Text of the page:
- Institutional investors played an active role in the stock rally of GameStop shares.
- Data from different sources have shown that retail investors only made gains during the early week of the rally.
Many believed that retail investors were responsible for the massive 700% surge of GameStop shares, with the subreddit group WallStreetBets taking most of the flak and the prestige that came with the stock rally. But is this claim really true or we have been made to think otherwise?
Institutional investors behind GameStop Stock price rise
Available data from JP Morgan shows that GameStop shares are not one of the most bought shares by retail investors recently. This is entirely surprising as the general belief was that the stocks were majorly purchased by retailers. However, in what appears to be a twist, it was revealed that the rallying of the GME stock was essentially backed by other institutional players.
Peng Cheng, a quantitative and derivatives strategy analyst with the bank stated that retail investors were not responsible for the stocks’ price rally. He went on to add that the intricate details of the price rallies we saw “might be more nuanced.”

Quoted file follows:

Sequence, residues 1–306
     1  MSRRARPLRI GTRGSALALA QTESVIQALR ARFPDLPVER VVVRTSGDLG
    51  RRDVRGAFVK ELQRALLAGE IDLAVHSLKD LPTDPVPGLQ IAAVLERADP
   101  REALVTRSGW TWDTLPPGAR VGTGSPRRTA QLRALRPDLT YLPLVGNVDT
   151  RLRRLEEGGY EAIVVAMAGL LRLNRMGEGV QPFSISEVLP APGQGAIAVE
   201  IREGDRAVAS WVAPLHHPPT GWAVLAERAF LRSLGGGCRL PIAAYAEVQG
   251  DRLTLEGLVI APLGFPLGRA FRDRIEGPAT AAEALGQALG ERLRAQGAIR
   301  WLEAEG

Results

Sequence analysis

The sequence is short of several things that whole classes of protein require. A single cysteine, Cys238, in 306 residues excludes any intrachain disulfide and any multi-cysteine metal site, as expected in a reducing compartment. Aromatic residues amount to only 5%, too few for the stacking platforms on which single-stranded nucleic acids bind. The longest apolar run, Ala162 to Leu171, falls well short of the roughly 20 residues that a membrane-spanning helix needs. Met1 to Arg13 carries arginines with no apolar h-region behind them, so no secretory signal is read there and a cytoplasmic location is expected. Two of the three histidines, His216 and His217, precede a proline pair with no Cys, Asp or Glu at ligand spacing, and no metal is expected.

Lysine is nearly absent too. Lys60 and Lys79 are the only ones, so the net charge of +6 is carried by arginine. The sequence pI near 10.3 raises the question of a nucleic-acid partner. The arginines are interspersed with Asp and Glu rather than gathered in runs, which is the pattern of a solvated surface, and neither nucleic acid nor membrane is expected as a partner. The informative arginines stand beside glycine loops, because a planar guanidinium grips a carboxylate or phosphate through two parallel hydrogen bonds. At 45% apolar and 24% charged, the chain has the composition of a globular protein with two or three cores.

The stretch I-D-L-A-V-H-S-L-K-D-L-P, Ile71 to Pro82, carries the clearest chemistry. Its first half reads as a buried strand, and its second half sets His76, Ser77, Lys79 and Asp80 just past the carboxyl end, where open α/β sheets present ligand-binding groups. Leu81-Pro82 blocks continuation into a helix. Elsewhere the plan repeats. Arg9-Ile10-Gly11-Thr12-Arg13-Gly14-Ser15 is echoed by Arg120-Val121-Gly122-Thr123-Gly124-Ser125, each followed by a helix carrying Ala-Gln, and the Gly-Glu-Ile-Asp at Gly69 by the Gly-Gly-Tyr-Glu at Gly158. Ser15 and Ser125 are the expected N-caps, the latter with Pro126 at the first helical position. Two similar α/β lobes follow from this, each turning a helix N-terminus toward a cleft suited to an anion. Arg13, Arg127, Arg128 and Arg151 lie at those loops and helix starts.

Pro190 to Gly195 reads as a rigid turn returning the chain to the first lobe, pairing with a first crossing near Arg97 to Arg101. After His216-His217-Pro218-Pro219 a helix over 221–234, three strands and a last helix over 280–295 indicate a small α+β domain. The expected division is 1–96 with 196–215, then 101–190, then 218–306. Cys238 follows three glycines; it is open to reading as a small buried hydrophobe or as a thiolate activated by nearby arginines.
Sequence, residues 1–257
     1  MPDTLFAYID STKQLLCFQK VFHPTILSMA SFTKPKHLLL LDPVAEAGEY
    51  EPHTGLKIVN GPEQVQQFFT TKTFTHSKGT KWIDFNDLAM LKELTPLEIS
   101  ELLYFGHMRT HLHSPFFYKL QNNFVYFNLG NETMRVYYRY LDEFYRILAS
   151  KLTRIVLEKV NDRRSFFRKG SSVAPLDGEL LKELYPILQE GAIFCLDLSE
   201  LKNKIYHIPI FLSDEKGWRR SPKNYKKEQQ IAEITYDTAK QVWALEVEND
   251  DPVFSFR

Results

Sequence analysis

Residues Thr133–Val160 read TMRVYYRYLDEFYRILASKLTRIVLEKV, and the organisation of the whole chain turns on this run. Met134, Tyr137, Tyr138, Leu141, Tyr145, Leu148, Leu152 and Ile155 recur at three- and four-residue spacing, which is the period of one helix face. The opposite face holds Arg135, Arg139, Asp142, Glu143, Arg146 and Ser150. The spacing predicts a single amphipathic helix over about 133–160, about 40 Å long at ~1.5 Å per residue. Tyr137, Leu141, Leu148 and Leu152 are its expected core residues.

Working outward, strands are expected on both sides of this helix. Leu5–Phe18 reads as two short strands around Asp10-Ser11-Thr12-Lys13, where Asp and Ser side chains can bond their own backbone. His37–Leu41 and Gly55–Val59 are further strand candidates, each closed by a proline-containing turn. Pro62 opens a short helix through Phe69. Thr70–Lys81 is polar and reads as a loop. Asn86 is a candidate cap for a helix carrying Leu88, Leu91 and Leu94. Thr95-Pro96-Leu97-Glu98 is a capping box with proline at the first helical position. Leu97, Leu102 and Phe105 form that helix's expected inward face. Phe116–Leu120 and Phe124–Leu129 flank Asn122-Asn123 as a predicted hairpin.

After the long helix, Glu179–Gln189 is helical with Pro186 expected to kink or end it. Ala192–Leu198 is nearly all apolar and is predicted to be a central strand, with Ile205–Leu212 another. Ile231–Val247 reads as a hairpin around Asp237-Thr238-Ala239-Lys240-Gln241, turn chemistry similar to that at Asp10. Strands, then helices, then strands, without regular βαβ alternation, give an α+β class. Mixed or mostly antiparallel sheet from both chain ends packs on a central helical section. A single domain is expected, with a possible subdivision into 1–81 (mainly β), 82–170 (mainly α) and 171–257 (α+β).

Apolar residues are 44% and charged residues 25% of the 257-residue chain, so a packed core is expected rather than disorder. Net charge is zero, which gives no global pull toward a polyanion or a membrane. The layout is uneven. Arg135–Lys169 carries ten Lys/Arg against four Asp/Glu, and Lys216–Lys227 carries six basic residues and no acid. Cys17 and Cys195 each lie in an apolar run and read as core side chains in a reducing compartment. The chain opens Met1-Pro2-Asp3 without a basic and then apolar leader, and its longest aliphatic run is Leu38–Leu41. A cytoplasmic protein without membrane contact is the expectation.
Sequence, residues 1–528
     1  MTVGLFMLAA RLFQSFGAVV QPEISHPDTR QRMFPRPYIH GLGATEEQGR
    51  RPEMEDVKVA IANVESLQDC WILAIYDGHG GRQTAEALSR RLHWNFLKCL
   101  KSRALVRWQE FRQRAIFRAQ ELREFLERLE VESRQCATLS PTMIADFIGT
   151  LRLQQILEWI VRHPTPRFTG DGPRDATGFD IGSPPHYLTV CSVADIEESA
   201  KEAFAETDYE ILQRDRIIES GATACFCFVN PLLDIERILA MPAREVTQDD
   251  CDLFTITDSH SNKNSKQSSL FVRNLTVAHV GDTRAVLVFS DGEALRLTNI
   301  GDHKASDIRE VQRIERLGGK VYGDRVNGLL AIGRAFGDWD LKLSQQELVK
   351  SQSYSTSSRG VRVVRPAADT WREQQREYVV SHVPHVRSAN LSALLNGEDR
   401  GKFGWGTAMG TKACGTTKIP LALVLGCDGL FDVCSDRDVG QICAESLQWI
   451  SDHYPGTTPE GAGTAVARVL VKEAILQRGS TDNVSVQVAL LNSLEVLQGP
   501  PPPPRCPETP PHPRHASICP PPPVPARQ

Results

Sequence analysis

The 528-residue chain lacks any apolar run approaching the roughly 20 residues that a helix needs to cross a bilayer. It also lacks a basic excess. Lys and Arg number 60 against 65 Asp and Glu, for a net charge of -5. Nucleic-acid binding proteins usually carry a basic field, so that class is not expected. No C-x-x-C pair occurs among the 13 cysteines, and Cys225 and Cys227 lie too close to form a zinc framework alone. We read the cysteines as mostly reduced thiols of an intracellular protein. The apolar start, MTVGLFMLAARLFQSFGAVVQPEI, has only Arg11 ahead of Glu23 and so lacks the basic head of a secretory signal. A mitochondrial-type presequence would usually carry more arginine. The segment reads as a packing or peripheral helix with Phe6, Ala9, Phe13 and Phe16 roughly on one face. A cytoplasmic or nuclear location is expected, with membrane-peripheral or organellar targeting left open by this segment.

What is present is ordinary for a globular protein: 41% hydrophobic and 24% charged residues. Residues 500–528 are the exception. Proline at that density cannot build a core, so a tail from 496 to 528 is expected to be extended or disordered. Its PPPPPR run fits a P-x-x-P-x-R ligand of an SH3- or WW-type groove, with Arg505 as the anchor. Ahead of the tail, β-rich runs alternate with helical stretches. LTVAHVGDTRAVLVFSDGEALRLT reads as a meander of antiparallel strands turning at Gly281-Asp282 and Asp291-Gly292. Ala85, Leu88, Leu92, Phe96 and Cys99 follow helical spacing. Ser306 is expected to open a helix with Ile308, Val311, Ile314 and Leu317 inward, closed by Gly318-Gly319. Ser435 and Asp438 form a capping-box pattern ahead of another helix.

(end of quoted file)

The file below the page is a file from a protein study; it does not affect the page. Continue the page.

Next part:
While retail investors flooded social media pages advising other retailers to buy GME stocks, institutional investors apparently were the one who took the advice as they made silent moves in acquiring the stocks en masse. Another analyst with JP Morgan, Devin Ryan also stated that it wasn’t a case of “the little guy vs the big guy” as institutional investors also invested heavily in those stocks.
Retail investors cashed out early
CNBC has also reported that retail investors became net sellers of the stocks immediately after the early gains made in the week. Citadel Securities had provided data used for this report to the media house.
Data from Trade Reporting Facility (TRF) also confirmed that retailers were selling the stocks heavily after their early gains. This means that some institutional investors began to buy in on the stock before its value more than doubled.
A report from WSJ says that Senvest Management, a hedge fund in New York, made gains of $700 million from the GameStop shares.